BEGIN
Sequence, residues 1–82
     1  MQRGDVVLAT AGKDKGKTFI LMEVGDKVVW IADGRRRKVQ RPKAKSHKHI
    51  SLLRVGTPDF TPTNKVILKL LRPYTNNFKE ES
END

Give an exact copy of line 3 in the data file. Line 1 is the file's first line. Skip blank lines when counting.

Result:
    51  SLLRVGTPDF TPTNKVILKL LRPYTNNFKE ES